However, of far greater concern is the less formal punishment which results from stating opinions as innocent as a parity of value between the lives of Jews and Palestinians; or using the word "apartheid" in relation to the occupied Palestinian territories; or suggesting the Israeli army might have committed war crimes in Lebanon or in Gaza.
There is no law against saying these things but there is certainly a price for saying them. Being identified with such opinions might cost one the recommendation of an already wavering superior. It might undermine a shaky friendship. It has even cost me romantic attachments, at their early stages...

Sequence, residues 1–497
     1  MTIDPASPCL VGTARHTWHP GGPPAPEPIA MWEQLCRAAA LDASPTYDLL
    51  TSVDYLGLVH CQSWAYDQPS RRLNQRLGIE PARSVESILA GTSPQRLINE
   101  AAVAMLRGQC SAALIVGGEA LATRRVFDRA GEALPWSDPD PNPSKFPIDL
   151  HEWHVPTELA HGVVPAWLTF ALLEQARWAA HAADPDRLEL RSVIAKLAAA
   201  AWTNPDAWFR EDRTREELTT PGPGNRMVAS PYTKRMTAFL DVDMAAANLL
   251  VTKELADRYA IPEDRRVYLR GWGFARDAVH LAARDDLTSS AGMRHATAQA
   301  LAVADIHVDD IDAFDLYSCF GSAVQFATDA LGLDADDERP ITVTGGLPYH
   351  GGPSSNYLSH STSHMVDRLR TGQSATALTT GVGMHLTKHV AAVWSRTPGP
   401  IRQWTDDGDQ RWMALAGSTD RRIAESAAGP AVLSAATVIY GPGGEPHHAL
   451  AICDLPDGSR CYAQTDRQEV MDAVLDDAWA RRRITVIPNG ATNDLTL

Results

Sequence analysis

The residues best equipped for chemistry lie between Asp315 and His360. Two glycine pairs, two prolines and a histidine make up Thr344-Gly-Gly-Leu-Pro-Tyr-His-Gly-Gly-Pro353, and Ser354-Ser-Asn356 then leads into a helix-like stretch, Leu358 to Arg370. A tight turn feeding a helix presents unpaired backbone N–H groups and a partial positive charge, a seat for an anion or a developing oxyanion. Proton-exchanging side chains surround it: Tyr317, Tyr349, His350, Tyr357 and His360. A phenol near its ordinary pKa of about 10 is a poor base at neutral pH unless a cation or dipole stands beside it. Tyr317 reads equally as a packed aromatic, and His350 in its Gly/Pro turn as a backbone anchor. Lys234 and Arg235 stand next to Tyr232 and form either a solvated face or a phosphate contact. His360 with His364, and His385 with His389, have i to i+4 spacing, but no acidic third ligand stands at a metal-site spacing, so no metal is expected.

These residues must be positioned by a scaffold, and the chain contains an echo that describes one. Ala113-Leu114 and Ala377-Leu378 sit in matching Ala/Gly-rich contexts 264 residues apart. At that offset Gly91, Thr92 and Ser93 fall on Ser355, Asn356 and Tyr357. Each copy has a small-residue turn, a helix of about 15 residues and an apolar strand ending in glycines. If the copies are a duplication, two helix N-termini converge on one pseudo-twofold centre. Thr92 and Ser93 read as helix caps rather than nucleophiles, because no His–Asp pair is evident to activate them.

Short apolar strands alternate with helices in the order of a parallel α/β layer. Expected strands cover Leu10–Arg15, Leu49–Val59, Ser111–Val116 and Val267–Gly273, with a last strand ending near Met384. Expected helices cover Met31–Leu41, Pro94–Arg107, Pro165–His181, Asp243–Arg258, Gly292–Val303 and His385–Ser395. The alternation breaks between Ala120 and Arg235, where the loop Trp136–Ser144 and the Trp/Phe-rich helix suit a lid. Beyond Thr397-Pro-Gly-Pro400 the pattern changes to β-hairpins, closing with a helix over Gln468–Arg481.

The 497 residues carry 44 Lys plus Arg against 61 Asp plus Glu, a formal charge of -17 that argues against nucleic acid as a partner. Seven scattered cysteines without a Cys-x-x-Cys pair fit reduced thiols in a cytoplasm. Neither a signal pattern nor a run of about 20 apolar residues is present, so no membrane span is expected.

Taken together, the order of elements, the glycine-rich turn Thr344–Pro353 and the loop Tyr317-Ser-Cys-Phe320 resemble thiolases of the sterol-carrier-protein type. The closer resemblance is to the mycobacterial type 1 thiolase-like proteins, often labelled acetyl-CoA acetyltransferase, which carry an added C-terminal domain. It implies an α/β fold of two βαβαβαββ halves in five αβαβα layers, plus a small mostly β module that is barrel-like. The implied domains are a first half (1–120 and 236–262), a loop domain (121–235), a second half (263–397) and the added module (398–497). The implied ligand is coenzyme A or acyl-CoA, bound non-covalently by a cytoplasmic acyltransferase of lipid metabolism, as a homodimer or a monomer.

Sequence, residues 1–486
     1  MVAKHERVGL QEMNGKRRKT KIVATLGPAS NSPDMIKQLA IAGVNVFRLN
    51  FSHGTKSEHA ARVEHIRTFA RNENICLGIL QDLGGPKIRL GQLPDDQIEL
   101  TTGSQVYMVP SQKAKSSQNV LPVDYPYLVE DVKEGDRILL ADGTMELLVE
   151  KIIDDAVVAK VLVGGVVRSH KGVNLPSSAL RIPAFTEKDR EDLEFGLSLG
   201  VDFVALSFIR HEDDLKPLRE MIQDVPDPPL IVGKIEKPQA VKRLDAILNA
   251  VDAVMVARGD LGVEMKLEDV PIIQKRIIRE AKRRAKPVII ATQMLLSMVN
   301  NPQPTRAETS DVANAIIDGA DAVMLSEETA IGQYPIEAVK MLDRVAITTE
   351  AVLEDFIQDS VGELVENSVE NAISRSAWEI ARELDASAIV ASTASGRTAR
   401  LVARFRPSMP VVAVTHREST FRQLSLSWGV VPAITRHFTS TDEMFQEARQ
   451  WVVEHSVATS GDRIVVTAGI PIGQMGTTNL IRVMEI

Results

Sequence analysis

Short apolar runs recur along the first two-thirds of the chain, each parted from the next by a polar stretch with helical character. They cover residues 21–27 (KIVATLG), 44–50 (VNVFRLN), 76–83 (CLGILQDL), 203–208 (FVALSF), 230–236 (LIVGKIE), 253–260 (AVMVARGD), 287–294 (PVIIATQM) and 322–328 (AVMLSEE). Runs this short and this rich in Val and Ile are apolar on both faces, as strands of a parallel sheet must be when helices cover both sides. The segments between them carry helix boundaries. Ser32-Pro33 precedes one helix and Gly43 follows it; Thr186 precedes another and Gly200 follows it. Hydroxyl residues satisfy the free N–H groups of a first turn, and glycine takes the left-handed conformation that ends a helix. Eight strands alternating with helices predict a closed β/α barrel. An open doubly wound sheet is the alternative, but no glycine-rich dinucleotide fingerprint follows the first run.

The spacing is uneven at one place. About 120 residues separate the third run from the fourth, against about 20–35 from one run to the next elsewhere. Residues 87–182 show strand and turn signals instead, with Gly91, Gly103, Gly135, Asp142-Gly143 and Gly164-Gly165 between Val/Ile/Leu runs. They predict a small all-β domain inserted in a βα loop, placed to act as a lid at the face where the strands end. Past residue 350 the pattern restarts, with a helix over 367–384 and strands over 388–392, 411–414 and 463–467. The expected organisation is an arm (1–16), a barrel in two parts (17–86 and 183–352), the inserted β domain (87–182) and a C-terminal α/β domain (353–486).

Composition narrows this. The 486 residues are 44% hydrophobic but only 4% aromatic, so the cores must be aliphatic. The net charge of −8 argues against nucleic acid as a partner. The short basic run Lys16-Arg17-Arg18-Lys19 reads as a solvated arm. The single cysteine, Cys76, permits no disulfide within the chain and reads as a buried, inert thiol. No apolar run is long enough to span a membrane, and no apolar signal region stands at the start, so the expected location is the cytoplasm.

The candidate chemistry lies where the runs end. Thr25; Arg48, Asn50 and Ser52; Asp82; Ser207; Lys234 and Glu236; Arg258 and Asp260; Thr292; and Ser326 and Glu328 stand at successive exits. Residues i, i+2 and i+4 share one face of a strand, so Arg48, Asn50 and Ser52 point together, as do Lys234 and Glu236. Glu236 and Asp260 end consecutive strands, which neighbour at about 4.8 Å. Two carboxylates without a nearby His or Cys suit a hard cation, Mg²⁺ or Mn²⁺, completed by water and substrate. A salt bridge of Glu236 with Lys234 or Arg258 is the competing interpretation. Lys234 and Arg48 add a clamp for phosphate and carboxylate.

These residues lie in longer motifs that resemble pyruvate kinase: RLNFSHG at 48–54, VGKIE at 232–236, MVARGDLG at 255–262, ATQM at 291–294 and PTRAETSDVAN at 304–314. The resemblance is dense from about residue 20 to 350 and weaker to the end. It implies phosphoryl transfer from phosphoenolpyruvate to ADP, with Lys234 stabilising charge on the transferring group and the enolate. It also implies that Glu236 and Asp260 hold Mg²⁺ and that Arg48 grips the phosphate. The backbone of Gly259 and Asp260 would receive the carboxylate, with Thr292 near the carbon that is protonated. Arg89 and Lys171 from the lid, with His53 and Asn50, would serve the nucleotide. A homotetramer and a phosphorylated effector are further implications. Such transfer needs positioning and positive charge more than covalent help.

...As the political establishment moves to the right the concern is that what are now informal marks of disapproval of leftist views will be legislated into law. The first attempts have already been made, with Yisrael Beiteinu, the far-right party in the ruling coalition, sponsoring laws like a prohibition of marking the day of the Palestinian nakba. The law failed to pass, but a democracy is about more than its laws.
Even if there is no law to curtail freedom of speech, if we are effectively discouraged from speaking through informal means, then this freedom has no real substance. From there it is only a matter of time before this freedom is gone from the law books, as well as from the talk shows, the water-coolers and the living rooms of the country.
A sensible analysis of censorship in Israel: